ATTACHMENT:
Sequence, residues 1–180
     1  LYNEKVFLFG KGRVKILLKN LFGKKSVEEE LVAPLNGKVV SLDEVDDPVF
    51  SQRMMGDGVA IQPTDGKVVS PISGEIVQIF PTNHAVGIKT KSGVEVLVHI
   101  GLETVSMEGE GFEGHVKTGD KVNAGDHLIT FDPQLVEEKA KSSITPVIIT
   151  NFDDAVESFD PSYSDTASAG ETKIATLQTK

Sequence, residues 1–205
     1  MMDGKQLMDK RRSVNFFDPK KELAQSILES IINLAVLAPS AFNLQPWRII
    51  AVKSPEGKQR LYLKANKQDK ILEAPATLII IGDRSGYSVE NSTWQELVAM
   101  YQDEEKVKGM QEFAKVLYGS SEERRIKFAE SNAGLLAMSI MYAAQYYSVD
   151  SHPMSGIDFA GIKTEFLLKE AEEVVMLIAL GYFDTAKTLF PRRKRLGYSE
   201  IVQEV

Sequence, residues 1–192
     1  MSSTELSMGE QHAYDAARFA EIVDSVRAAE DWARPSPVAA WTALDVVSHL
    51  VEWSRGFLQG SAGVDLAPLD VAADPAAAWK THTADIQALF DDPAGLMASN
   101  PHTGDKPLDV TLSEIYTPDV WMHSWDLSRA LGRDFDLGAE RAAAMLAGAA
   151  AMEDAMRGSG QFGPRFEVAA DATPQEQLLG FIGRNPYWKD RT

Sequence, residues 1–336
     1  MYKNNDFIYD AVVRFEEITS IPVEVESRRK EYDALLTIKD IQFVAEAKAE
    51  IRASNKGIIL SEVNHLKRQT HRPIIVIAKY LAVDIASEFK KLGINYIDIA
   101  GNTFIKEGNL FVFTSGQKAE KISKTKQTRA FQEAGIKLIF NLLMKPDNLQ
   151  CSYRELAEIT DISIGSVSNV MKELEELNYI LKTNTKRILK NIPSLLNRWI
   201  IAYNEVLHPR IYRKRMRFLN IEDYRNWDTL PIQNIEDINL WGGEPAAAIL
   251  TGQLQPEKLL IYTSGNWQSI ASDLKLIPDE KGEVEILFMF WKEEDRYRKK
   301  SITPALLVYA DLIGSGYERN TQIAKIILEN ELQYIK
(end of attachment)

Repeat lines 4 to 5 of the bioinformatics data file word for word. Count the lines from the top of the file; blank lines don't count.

   101  GLETVSMEGE GFEGHVKTGD KVNAGDHLIT FDPQLVEEKA KSSITPVIIT
   151  NFDDAVESFD PSYSDTASAG ETKIATLQTK